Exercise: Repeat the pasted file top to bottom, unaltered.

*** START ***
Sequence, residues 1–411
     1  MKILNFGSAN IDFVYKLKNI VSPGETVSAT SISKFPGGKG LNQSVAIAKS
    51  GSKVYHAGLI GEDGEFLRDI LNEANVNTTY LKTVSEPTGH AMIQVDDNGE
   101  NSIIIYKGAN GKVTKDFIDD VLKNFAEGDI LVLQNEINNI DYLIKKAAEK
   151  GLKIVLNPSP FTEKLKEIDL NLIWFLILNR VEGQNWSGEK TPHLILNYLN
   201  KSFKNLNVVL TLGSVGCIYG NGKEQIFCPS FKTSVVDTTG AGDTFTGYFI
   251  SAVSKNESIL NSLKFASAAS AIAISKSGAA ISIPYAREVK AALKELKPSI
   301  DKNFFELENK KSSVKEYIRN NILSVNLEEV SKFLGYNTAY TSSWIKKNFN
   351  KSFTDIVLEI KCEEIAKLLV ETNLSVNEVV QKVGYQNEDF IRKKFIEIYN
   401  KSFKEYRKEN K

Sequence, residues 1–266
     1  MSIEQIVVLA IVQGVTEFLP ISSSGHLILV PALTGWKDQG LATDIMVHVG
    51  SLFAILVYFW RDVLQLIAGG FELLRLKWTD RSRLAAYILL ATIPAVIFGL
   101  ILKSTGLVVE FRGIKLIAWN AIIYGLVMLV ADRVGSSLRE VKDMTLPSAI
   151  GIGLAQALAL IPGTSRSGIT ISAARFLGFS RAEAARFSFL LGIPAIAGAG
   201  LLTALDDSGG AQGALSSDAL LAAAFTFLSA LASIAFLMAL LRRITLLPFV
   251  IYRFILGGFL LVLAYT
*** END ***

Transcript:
Sequence, residues 1–411
     1  MKILNFGSAN IDFVYKLKNI VSPGETVSAT SISKFPGGKG LNQSVAIAKS
    51  GSKVYHAGLI GEDGEFLRDI LNEANVNTTY LKTVSEPTGH AMIQVDDNGE
   101  NSIIIYKGAN GKVTKDFIDD VLKNFAEGDI LVLQNEINNI DYLIKKAAEK
   151  GLKIVLNPSP FTEKLKEIDL NLIWFLILNR VEGQNWSGEK TPHLILNYLN
   201  KSFKNLNVVL TLGSVGCIYG NGKEQIFCPS FKTSVVDTTG AGDTFTGYFI
   251  SAVSKNESIL NSLKFASAAS AIAISKSGAA ISIPYAREVK AALKELKPSI
   301  DKNFFELENK KSSVKEYIRN NILSVNLEEV SKFLGYNTAY TSSWIKKNFN
   351  KSFTDIVLEI KCEEIAKLLV ETNLSVNEVV QKVGYQNEDF IRKKFIEIYN
   401  KSFKEYRKEN K

Sequence, residues 1–266
     1  MSIEQIVVLA IVQGVTEFLP ISSSGHLILV PALTGWKDQG LATDIMVHVG
    51  SLFAILVYFW RDVLQLIAGG FELLRLKWTD RSRLAAYILL ATIPAVIFGL
   101  ILKSTGLVVE FRGIKLIAWN AIIYGLVMLV ADRVGSSLRE VKDMTLPSAI
   151  GIGLAQALAL IPGTSRSGIT ISAARFLGFS RAEAARFSFL LGIPAIAGAG
   201  LLTALDDSGG AQGALSSDAL LAAAFTFLSA LASIAFLMAL LRRITLLPFV
   251  IYRFILGGFL LVLAYT